Raytheon Company and Rheinmetall Defence have established a joint venture to offer the Lynx Infantry Fighting Vehicle for the U.S. Army’s Optionally Manned Fighting Vehicle, or OMFV, competition. The U.S.-based joint venture is called Raytheon Rheinmetall Land Systems LLC.
Scheduled for fielding in 2026, the OMFV is expected to replace the Bradley fighting vehicle. The new vehicle will be optimized for urban combat and rural terrain. The Army has named the OMFV as a top modernization priority supported under the service’s Futures Command structure.
“This advanced combat vehicle will be made in America,” said Sam Deneke, Raytheon Land Warfare Systems vice president. “Our team will produce and deliver a fighting vehicle to the U.S. Army that protects our troops and gives them an overwhelming advantage on the battlefield.”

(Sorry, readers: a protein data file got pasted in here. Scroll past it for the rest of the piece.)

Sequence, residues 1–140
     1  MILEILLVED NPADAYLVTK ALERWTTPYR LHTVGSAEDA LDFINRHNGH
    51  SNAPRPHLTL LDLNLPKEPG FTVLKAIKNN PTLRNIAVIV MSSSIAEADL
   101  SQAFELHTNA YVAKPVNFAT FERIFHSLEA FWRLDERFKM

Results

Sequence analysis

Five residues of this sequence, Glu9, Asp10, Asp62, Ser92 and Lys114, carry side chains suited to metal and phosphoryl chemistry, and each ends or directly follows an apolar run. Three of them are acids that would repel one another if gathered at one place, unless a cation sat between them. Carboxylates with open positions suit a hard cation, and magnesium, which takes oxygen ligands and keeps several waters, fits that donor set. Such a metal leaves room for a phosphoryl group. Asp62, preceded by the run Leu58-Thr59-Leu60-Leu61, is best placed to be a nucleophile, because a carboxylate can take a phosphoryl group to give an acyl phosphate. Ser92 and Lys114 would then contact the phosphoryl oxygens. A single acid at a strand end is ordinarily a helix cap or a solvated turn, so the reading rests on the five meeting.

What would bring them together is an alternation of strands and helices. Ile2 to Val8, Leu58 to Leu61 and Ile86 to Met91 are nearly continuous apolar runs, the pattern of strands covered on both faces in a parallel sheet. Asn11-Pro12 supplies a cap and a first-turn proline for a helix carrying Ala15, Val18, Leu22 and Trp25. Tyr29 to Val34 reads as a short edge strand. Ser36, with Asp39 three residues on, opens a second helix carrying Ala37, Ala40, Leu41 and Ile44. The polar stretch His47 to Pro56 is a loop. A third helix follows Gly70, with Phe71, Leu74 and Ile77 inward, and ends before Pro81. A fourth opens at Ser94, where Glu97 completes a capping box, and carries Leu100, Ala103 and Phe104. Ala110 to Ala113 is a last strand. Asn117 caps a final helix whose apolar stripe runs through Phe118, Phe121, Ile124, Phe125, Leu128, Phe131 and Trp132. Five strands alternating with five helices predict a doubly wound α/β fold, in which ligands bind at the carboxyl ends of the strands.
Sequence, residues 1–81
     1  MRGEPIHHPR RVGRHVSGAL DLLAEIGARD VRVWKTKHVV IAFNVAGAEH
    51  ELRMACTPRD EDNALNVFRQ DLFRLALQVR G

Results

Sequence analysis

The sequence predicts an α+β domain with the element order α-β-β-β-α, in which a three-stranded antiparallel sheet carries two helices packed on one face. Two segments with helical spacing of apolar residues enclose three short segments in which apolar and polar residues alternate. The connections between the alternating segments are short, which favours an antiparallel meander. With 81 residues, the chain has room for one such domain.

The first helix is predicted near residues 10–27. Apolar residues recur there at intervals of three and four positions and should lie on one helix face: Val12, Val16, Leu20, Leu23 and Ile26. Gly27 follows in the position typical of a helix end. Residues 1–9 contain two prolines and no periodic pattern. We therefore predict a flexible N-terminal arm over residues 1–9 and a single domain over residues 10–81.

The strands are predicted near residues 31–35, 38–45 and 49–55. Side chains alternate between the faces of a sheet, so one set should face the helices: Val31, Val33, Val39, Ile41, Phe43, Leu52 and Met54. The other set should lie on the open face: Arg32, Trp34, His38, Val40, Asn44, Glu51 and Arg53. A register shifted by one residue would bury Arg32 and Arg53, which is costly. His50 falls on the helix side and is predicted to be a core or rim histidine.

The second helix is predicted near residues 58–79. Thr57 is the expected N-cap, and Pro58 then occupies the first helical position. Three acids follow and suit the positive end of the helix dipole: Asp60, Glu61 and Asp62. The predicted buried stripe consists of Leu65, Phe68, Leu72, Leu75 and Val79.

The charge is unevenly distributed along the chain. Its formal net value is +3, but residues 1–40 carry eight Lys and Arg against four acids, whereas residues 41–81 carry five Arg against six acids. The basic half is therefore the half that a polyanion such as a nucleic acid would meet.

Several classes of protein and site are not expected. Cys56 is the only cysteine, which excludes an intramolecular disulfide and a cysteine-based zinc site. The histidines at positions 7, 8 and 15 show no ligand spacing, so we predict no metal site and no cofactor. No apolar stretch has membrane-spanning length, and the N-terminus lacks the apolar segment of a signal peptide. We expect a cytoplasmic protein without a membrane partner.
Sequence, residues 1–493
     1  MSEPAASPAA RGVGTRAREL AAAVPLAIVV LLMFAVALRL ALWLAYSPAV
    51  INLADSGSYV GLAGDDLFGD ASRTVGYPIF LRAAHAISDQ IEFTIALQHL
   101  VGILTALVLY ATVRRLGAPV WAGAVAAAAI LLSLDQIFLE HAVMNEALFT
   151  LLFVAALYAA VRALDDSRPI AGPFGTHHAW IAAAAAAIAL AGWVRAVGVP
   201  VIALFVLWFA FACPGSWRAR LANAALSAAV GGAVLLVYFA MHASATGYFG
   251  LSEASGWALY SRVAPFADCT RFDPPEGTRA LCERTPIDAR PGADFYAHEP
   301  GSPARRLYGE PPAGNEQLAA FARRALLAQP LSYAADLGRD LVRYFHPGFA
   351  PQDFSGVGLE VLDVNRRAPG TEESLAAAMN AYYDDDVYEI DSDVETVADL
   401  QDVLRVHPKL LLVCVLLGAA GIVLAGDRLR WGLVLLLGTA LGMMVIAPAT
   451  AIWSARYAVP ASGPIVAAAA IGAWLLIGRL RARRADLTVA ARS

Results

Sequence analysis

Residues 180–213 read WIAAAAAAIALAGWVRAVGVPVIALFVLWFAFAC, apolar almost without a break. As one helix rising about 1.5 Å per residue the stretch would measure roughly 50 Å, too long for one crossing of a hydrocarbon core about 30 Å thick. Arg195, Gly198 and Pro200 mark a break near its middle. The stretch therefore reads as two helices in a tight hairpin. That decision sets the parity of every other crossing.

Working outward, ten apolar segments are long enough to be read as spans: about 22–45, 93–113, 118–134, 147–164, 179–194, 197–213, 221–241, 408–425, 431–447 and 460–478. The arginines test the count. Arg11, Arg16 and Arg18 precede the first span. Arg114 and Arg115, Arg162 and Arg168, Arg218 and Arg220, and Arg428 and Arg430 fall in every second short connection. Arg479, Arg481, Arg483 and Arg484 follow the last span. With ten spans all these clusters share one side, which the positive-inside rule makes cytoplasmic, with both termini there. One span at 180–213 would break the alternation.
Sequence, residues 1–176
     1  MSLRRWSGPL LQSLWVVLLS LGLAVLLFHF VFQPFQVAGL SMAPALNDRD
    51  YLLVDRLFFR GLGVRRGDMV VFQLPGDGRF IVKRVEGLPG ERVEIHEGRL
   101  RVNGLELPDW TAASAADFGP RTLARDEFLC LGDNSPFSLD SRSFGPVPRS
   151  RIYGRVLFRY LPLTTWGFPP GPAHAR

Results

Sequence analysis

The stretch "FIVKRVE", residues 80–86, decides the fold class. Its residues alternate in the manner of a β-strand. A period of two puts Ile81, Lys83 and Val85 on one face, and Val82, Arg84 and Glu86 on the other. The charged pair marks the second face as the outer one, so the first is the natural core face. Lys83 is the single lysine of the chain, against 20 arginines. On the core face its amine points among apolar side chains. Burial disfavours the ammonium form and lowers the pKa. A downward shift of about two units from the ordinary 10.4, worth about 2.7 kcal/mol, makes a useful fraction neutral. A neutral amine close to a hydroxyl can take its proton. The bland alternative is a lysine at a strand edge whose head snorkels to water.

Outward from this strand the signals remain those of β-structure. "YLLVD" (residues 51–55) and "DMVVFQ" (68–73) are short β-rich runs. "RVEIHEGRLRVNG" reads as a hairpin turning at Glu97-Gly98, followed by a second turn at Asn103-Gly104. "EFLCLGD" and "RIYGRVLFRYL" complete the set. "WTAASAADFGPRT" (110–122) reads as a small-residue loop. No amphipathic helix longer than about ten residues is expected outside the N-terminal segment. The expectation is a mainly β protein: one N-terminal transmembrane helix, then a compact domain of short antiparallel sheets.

Raytheon and Rheinmetall joined forces in 2018 to offer Lynx for the Army’s OMFV competition. Lynx is a next-generation, tracked armored fighting vehicle designed to address the critical challenges of the future battlefield. Lynx provides ample growth capacity to support new technologies over the vehicle’s lifetime, and features lower life-cycle costs.
“Lynx will be built in America by American workers,” said Ben Hudson, global head of Rheinmetall’s Vehicle Systems division. “By choosing Lynx, the Army has an extraordinary opportunity to provide U.S. troops with a fighting vehicle that will enable them to outmatch the threat for decades to come.”
Raytheon technology earmarked for the Lynx includes the company’s advanced weapons, like the TOW™ missile, Active Protection System, third-generation sights, Coyote® unmanned aircraft system and cyber.
The Lynx team will submit its bid on or before Oct. 1, 2019.